Hesperian student / (Lincoln [Neb.]) 1872-1885, February 15, 1890, Image 1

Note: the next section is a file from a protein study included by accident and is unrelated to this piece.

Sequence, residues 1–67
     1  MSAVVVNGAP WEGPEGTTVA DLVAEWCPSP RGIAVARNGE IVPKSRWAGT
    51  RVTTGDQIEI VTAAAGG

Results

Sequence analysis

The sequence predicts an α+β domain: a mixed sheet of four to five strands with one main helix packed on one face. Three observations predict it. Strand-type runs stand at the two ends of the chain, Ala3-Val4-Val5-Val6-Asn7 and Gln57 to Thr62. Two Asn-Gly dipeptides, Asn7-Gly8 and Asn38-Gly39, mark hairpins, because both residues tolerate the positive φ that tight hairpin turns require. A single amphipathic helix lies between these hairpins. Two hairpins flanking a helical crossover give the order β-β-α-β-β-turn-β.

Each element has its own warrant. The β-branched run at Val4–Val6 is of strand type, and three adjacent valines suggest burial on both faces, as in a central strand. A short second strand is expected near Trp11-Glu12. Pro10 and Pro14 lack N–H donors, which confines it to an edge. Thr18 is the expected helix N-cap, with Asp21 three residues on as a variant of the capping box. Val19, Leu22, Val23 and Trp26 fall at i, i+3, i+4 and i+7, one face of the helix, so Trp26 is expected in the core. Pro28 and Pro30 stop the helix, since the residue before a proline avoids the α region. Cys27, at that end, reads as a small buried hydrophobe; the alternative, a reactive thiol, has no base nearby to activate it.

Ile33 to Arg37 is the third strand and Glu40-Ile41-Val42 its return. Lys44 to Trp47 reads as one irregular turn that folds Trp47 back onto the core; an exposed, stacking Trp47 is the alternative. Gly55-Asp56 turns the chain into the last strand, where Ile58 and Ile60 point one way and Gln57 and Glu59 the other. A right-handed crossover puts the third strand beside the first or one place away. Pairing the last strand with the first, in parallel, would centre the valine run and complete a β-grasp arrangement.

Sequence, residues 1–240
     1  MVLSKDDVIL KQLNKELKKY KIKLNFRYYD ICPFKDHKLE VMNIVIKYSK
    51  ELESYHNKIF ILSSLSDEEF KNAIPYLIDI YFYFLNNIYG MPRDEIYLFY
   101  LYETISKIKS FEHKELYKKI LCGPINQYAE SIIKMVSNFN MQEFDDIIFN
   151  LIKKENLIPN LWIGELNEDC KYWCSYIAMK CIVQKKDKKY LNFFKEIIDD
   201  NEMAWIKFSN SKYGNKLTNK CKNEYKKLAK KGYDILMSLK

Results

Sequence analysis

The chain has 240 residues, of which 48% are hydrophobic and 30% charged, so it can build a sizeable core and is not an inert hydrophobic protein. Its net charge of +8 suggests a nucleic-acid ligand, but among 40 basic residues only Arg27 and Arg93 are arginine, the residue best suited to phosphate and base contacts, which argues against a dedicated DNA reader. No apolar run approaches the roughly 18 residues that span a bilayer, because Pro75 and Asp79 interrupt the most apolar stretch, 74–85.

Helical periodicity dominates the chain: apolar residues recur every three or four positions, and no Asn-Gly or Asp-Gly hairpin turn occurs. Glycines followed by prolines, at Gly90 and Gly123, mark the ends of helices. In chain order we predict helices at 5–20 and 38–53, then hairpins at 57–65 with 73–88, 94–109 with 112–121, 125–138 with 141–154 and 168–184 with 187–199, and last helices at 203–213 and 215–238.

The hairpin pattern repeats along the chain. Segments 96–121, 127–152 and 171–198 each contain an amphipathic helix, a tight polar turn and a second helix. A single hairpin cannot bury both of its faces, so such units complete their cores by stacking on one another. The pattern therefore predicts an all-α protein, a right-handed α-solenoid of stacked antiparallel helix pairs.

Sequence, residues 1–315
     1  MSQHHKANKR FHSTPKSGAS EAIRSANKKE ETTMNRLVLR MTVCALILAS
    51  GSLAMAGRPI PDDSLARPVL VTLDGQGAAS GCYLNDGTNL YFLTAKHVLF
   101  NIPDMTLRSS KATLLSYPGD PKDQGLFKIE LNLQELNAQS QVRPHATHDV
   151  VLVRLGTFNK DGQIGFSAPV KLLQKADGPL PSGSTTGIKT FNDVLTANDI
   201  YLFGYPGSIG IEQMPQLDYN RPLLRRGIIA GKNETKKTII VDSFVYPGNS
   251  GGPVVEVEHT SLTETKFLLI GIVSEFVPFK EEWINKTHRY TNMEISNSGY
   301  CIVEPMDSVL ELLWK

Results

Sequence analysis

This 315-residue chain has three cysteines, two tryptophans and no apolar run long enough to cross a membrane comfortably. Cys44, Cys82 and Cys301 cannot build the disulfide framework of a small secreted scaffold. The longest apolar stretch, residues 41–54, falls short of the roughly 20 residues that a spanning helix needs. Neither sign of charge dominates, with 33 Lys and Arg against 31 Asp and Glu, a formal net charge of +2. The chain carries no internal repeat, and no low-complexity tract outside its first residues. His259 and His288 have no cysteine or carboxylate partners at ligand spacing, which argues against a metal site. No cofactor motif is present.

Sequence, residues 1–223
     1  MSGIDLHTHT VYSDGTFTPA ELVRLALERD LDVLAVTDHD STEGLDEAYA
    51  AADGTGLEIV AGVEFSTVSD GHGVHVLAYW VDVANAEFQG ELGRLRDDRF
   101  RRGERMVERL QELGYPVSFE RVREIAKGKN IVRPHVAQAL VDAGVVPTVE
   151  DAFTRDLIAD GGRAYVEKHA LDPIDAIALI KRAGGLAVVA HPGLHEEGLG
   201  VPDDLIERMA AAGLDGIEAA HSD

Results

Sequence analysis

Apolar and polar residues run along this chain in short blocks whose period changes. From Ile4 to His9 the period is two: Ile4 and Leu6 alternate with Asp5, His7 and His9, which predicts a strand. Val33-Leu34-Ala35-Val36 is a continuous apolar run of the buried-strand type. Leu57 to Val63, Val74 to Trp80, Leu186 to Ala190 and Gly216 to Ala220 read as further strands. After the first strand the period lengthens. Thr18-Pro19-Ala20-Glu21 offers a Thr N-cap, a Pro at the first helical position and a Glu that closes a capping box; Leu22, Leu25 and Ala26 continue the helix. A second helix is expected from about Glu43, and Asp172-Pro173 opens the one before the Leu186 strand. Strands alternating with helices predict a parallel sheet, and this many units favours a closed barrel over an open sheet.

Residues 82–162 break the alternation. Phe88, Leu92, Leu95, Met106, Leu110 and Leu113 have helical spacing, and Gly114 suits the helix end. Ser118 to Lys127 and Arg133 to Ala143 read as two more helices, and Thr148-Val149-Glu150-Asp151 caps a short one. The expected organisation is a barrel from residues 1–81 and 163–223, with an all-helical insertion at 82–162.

WJHffJt THE HESPERIAN. UNIVERSITY OF NEBRASKA. Vol. XIX. LINCOLN, NEBRASKA, FEBRUARY 15, 1890. No. IX. THE HESPERIAN. Issued semi-monthly by the HiisrERlAN Publishing Associ ation, of the University of Nebraska. JOHN B. FOGAR1Y, Editor-in-Chief. associates: T. F. A. WILLIAMS, '92, -Dan W. BUSH, 'oi, - Paul PIZEY, '93, - - E. M. POLLARD, '93, J. S. PEERY,'93, t. D. HYDE, '92, - - Literary - MlSCKLLANY COMMKNT Local Exchange O. G. MILLER, BUSINESS MANAGER. TERMS OK SUBSCRIPTION: One copy, per college year, One copy, one college term Single copy, S1.00 35 .10 ADVERTISING RATES ON APPLICATION. ALUMNI AND EX-STUDENTS. Special endeavor will be made to make The Hesperian interesting to former students. Please send us your sub scriptions. Address all communications to The IlESPERlAN.Univcrsity of Nebraska, Lincoln, Neb. SOCIETY DIRECTORY, PALLADIAN LITERARY SOCIETY. Edwin Farmer, Trcs. A. A. Faurot, Scc'y, UNIVERSITY UNION LITERARY SOCIETY. Miss Edith Mockett, Pies. Miss Fannie Baker, Sec'y. DELIAN LITERARY SOCIETY. E. R. Holmes, Prcs. J. B. Fogarty. Sec'y. UNIVERSITY Y. M. C. A. F. C. TayijOR, Prcs. F. F. Almy, Sec'y. UNIVERSITY Y. V. C. A. Miss Rosa Bouton, Prcs. Miss O. VanIIise, Scc'y. SCIENTIFIC CLUB. Herbert Marsland, Prcs. A. C. Cope, Scc'y. CLASSICAL SOCIETY. Fred Hyde, Prcs. Miss Josie Treeman, Scc'y. MODERN LANGUAGE CLUB. C. E. Tingley, Prcs. EDITORIAL NOTES. t HE school authorities at North Platte have decided in the future to employ no one except a college graduate as principal of the high school. This is a step in the right direction, and one which we hope will soon be taken by all the high schools in the state, that are on the accredited list. As a rule college graduates are the best fitted to prepare young people for college. Thus when all the high schools in the state are managed by college graduates we may expect to receive students who are better pre pared for the work and more in sympathy with the aims of the University. T seems to us that it would be no more than fair (jH. for the faculty to excuse the editors of the Hes perian from a certain amount ofkwork in the depart ment of English. Every one of the editors receives much more practice in writing than do most of the other students. In eastern colleges it is the rule to ex cuse the editors of the college paper from one essay each term and thus if the faculty did decide to be a little lenient with the Hesperian editors, they would be only following a custom that has been established by some of the best colleges in the country. It is not pleasant for the editors to be compelled to do as much work as the others students and in addition to that run a paper. EVERAL important changes have been made in this University; during the present school year the first preparatory year has been abolished, a sys tem of marking with letters instead of with figures has been introduced and now by way of experiment it has been decided to dispense with orations by the graduating class at commencement, and instead of this old, worn out exercise, to employ some promin ent orator to address us. All these changes are in the line of progress. It is about time for us to lay aside the customs of small colleges and high schools and take our position where we properly belong. It is to be hoped that the scheme adopted for next commencement will be made per manent and that in the future there will be no more trouble between the senior class and the faculty in deciding who shall and who shall not deliver ora tions at commencement.